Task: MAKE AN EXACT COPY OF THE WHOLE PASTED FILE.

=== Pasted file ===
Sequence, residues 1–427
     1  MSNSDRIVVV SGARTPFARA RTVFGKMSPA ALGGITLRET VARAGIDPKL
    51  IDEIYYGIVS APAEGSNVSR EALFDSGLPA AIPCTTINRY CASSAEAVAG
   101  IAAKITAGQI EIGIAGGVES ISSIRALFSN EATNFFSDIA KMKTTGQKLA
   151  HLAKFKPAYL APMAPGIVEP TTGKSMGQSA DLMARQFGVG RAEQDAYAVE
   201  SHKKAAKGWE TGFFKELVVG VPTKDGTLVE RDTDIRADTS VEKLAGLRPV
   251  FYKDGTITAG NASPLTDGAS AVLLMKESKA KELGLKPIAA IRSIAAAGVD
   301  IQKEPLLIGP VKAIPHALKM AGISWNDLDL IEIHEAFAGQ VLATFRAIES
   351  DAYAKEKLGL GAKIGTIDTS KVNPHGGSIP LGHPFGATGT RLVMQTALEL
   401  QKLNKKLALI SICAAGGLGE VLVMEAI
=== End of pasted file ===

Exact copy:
Sequence, residues 1–427
     1  MSNSDRIVVV SGARTPFARA RTVFGKMSPA ALGGITLRET VARAGIDPKL
    51  IDEIYYGIVS APAEGSNVSR EALFDSGLPA AIPCTTINRY CASSAEAVAG
   101  IAAKITAGQI EIGIAGGVES ISSIRALFSN EATNFFSDIA KMKTTGQKLA
   151  HLAKFKPAYL APMAPGIVEP TTGKSMGQSA DLMARQFGVG RAEQDAYAVE
   201  SHKKAAKGWE TGFFKELVVG VPTKDGTLVE RDTDIRADTS VEKLAGLRPV
   251  FYKDGTITAG NASPLTDGAS AVLLMKESKA KELGLKPIAA IRSIAAAGVD
   301  IQKEPLLIGP VKAIPHALKM AGISWNDLDL IEIHEAFAGQ VLATFRAIES
   351  DAYAKEKLGL GAKIGTIDTS KVNPHGGSIP LGHPFGATGT RLVMQTALEL
   401  QKLNKKLALI SICAAGGLGE VLVMEAI